Source

learnvimscriptthehardway / preface.markdown

Full commit

Preface

Programmers shape ideas into text.

That text gets turned into numbers and those numbers bump into other numbers and make things happen.

As programmers, we use text editors to get our ideas out of our heads and create the chunks of text we call "programs". Full-time programmers will spend tens of thousands of hours of their lives interacting with their text editor, during which they'll be doing many things:

  • Getting raw text from their brains into their computers.
  • Correcting mistakes in that text.
  • Restructuring the text to formulate a problem in a different way.
  • Documenting how and why something was done a particular way.
  • Communicating with other programmers about all of these things.

Vim is incredibly powerful out of the box, but it doesn't truly shine until you take some time to customize it for your particular work, habits, and fingers. This book will introduce you to Vimscript, the main programming language used to customize Vim. You'll be able to mold Vim into an editor suited to your own personal text editing needs and make the rest of your time in Vim more efficient.

Along the way I'll also mention things that aren't strictly about Vimscript, but are more about learning and being more efficient in general. Vimscript isn't going to help you much if you wind up fiddling with your editor all day instead of working, so it's important to strike a balance.

The style of this book is a bit different from most other books about programming languages. Instead of simply presenting you with facts about how Vimscript works, it guides you through typing in commands to see what they do.

Sometimes the book will lead you into dead ends before explaining the "right way" to solve a problem. Most other books don't do this, or only mention the sticky issues after showing you the solution. This isn't how things typically happen in the real world, though. Often you'll be writing a quick piece of Vimscript and run into a quirk of the language that you'll need to figure out. By stepping through this process in the book instead of glossing over it I hope to get you used to dealing with Vimscript's peculiarities so you're ready when you find edge cases of your own. Practice makes perfect.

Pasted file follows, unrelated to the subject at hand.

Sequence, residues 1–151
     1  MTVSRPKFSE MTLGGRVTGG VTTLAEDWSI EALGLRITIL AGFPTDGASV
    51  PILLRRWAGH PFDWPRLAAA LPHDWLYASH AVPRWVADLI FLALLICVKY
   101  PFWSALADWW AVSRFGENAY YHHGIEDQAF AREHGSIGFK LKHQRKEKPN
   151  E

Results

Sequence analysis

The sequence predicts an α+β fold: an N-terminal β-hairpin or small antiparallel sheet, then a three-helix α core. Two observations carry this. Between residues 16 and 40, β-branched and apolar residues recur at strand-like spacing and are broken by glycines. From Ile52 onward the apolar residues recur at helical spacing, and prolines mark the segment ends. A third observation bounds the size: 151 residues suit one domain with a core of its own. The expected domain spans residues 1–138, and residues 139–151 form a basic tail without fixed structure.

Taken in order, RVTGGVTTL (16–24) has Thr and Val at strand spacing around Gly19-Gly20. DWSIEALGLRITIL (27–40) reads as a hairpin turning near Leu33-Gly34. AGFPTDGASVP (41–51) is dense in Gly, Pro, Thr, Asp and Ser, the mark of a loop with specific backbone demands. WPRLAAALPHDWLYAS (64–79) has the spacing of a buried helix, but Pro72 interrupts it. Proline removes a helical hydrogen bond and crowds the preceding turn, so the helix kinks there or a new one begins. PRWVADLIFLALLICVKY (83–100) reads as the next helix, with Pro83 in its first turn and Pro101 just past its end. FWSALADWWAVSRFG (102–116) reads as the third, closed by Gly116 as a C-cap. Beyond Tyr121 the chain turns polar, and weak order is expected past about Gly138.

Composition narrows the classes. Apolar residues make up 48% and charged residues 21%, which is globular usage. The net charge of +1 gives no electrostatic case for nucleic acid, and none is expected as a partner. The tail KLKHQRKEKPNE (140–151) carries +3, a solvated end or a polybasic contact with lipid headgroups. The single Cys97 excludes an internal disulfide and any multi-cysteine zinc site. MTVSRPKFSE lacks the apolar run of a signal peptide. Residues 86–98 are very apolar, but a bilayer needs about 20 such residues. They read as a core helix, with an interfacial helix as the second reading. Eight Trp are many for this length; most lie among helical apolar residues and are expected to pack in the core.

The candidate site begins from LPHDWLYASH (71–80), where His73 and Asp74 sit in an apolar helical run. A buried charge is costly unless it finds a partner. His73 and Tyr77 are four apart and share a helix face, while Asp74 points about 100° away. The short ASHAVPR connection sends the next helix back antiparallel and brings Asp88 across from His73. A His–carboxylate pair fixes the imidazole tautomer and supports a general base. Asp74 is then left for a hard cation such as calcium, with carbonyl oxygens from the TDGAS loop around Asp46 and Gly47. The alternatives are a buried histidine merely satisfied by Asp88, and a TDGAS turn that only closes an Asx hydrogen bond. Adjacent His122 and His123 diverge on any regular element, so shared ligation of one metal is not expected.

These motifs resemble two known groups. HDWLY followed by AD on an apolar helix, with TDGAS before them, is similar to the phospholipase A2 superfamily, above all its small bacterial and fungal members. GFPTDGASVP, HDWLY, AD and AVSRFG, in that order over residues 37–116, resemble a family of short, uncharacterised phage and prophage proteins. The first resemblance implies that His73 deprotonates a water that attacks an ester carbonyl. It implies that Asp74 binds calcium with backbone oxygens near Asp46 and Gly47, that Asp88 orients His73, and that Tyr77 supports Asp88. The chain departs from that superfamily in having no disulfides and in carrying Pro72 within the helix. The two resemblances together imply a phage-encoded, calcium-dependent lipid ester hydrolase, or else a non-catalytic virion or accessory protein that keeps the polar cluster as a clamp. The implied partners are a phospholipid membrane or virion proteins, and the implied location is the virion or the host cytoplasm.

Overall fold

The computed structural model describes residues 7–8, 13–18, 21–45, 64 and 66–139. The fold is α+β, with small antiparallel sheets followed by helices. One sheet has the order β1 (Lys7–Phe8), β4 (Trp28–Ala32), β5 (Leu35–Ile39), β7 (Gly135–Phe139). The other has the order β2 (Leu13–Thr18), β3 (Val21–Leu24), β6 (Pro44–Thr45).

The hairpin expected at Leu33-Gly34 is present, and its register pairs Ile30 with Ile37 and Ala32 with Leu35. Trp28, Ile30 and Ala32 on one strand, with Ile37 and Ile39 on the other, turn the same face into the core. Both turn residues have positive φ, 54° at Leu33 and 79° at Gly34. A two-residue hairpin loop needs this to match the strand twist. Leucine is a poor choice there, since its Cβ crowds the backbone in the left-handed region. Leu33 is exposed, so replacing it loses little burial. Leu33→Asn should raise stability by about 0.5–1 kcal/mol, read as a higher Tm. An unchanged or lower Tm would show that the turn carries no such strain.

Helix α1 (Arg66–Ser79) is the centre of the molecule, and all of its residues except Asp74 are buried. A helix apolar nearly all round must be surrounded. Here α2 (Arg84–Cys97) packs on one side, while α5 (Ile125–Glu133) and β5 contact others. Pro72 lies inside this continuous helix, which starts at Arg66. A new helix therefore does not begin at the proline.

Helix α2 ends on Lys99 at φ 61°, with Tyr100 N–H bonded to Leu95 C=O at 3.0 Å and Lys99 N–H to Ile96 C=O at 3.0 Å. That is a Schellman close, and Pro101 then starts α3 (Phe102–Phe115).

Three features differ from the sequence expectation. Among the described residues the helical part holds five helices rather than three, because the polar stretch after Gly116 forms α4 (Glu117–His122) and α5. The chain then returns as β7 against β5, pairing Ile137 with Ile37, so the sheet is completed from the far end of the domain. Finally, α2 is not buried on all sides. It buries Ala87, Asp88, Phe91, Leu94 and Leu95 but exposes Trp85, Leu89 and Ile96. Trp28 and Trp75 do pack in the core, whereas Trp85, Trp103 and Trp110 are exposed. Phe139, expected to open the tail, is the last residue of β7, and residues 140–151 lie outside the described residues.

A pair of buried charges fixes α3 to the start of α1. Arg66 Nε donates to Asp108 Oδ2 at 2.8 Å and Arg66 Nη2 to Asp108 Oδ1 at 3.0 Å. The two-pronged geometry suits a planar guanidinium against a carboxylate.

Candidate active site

Each chapter of the book focuses on a single topic. They're short but packed with information, so don't just skim them. If you really want to get the most out of this book you need to actually type in all of the commands. You may already be an experienced programmer who's used to reading code and understanding it straight away. If so: it doesn't matter. Learning Vim and Vimscript is a different experience from learning a normal programming language.

You need to type in all the commands.

You need to do all the exercises.

There are two reasons this is so important. First, Vimscript is old and has a lot of dusty corners and twisty hallways. One configuration option can change how the entire language works. By typing every command in every lesson and doing every exercise you'll discover problems with your Vim build or configuration on the simpler commands, where they'll be easier to diagnose and fix.

Second, Vimscript is Vim. To save a file in Vim, you type :write (or :w for short) and press return. To save a file in a Vimscript, you use write. Many of the Vimscript commands you'll learn can be used in your day-to-day editing as well, but they're only helpful if they're in your muscle memory, which simply doesn't happen from just reading.

I hope you'll find this book useful. It's not meant to be a comprehensive guide to Vimscript. It's meant to get you comfortable enough with the language to mold Vim to your taste, write some simple plugins for other users, read other people's code (with regular side-trips to :help), and recognize some of the common pitfalls.

Good luck!